Philippines eases virus lockdown in capital despite WHO warning

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A succession of lockdowns has sidelined millions of workers in Philippine capital Manila. AFP

The Philippines will ease coronavirus restrictions in the capital Manila to spur economic activity, officials said on September 14, despite record infection numbers and a warning from the UN health body against the move.

Restaurants, churches and beauty salons in the national capital region will open at lower capacities from September 16 to get tens of thousands more people back to work.

“We should strive for total health and this can only be realised by carefully balancing our Covid-19 response by considering both the health of our people and the economic health of the nation,” President Rodrigo Duterte’s spokesman Harry Roque said.

Virus cases have surged to record levels – more than 140,000 cases in the past week – thanks to an outbreak of the highly contagious Delta variant.

The World Health Organisation’s (WHO) representative in the Philippines on September 14 warned against relaxing curbs.

While six of 10 adults in the capital are fully inoculated, “this is not adequate at this point to relax quarantine positions”, the WHO’s official in the Philippines, Rabindra Abeyasinghe, told government television.

“If there is a further increase in the current transmission levels, it could lead to an overwhelming of the hospital systems, that’s why we need to be very careful in calibrating how we respond to the current situation,” he said.

The metropolis of 13 million will be placed on the second-highest alert under a new classification system that replaces guidelines which left many residents and business owners confused about which activities were allowed.

Localised lockdowns targeting specific buildings, streets or neighbourhoods will be enforced to check the spread of the virus, replacing the current scheme that covers entire cities and regions.

Fully vaccinated customers in the capital region can now be served indoors in restaurants and beauty salons at up to 10 per cent capacity, and at outdoor venues at up to 30 per cent capacity regardless of vaccination status.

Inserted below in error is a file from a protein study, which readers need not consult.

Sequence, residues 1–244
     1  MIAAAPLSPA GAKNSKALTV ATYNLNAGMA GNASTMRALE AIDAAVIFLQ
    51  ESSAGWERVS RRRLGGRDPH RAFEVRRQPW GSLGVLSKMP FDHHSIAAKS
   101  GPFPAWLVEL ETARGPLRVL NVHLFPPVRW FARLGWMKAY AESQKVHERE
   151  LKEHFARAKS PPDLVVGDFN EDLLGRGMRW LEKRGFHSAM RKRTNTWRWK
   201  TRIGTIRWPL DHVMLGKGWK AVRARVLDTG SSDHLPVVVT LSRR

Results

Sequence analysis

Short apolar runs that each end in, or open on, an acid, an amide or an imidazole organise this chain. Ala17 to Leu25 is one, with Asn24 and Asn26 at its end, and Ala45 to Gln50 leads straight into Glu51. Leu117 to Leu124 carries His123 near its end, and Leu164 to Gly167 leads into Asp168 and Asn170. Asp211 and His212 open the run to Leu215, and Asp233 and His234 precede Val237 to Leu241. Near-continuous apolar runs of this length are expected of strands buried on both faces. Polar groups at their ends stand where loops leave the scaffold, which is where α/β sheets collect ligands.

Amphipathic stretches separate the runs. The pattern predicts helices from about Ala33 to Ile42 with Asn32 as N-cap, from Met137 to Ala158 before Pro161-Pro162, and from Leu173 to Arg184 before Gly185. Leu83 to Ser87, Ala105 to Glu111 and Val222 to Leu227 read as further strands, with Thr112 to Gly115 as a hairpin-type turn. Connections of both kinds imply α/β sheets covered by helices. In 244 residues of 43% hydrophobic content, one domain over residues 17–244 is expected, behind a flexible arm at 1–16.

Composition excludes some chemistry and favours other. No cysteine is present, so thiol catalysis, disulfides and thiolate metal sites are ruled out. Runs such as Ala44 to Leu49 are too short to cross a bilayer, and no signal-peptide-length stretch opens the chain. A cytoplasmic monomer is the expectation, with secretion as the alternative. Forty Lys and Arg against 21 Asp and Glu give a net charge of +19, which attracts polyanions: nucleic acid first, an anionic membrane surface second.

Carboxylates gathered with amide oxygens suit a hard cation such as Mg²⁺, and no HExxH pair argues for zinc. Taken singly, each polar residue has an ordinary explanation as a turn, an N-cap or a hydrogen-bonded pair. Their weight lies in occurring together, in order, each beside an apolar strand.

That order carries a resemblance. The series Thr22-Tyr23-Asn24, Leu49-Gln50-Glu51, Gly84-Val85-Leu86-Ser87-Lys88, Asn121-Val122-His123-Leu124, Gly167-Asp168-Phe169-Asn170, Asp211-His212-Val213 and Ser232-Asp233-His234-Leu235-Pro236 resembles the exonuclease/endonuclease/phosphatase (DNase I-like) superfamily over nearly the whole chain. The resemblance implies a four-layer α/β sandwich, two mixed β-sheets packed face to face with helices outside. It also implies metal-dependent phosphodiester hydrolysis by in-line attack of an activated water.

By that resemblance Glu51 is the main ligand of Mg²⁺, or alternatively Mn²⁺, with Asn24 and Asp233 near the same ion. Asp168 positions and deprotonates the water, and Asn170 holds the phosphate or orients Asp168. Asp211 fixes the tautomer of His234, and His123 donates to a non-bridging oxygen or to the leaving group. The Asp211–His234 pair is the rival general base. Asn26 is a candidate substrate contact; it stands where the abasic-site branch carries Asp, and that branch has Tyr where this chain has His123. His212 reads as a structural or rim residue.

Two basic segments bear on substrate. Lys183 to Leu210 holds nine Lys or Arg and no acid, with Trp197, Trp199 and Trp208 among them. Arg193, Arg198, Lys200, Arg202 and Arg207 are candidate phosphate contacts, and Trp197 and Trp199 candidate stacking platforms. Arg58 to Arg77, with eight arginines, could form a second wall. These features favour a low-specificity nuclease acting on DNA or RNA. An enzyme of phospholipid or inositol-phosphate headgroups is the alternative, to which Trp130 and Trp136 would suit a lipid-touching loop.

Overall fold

Churches will also be allowed to seat 10 per cent of their capacity for services but other indoor group activities, including those that lead to crowding, remain banned.

A succession of shutdowns since the start of the pandemic has sidelined more than two million workers in the food and leisure sectors in the capital alone, according to Secretary of Trade Ramon Lopez.

Millions of children started a second year of remote lessons this week in the Philippines, which has kept schools closed since the start of the pandemic.

Officials on September 14 said that when the alert level is reduced to the second lowest, classrooms may reopen alongside indoor entertainment and social events at up to 50 per cent capacity.

Duterte has previously said the country cannot afford more lockdowns.

But authorities have had few options to slow the spread of the virus as hospitals have filled up and the nationwide vaccination rate remains low at 22 per cent.

The president said in a pre-recorded television address aired on September 14 that vaccinations – now limited to priority sectors – could start for the general adult population next month “if there is a stable vaccine supply”.

The coronavirus has infected more than 2.2 million people and killed more than 35,000 in the country.